In the beginning of April, Dr. Foushanji took me on a trip to Mazar. He picked me up with a driver at about 8 am. The driver was crazy, smoking hashish while driving. When he was not smoking hashish, he was smoking cigarettes. As we got near the Salang Pass we noticed more and more cars and trucks stopped. The reason for the backup was a blizzard at the top of the pass. We waited for over 4 hours until we finally were able to start driving with hundreds of other cars and trucks. The driver had to put chains on the old Corolla station wagon. A link was missing on one of the chains so he just tore a piece of cloth from his head scarf and tied the chains with that. It seemed crazy to me, however, it held the chains until we got to the other side and he could take the chains off. We ended up driving about 3 hours in the dark to Mazar, which is considered a bad idea, but we had no choice.

Mazar is less crowded then Kabul. The Blue Mosque is very beautiful. Like in Kabul, lots of people are unemployed, the scars of war are visible everywhere and people are very poor.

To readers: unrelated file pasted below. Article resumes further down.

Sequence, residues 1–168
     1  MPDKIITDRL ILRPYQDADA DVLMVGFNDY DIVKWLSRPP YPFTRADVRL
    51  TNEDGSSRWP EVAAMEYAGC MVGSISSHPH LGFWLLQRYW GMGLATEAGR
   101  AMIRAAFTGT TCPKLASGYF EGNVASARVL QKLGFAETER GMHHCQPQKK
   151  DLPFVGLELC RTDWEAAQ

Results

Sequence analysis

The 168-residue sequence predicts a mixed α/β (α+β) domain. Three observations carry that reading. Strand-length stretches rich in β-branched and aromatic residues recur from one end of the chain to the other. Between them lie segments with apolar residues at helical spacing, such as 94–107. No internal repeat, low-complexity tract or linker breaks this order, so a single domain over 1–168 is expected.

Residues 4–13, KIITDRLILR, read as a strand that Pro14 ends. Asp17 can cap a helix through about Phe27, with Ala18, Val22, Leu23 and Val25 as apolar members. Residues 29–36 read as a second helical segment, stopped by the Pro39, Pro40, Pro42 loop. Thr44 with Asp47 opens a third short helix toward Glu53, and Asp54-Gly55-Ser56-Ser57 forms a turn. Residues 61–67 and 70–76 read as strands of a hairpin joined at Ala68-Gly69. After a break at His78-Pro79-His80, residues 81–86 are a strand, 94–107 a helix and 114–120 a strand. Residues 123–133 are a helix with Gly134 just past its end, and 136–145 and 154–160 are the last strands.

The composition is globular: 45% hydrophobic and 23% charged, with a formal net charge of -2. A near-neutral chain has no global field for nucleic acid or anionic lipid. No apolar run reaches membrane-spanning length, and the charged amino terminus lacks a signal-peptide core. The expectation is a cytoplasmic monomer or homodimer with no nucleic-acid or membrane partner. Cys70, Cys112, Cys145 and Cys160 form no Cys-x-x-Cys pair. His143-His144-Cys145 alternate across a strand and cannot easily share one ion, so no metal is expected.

On the way to and from Mazar I saw small towns and villages weighed down by poverty everywhere. Lots of field work is still done by horse, donkey or oxen. It reminds one of the way farming was done in the early 1900's.

The trip back to Kabul was less stressful. The driver did not smoke and was very nice.
Trip to Logar
Medical care is a huge problem in Afghanistan. Dental and optical care is almost non-existent.

Another doctor came with Dr. Foushanji to take us to the province of Logar, which is about 50 miles from Kabul. The countryside in Logar looks very much like Wyoming, where I live. The "hospital" was shocking to see. It was just some beds, no operating room. I am at a loss for words when it comes to describing what passed as a dental office. Patients are only seen when medications are available. The toilets are about 150 feet from the "hospital."

Logar desperately needs a new hospital with about 25 beds. The area draws about 50,000 people. If Logar had a good hospital it would also help the hospitals in Kabul. Logar patients could stay in their own hospital and not have to make the long trip to Kabul. There is no ambulance. I have no idea how patients get to Kabul. I guess by bus, taxi or private vehicle.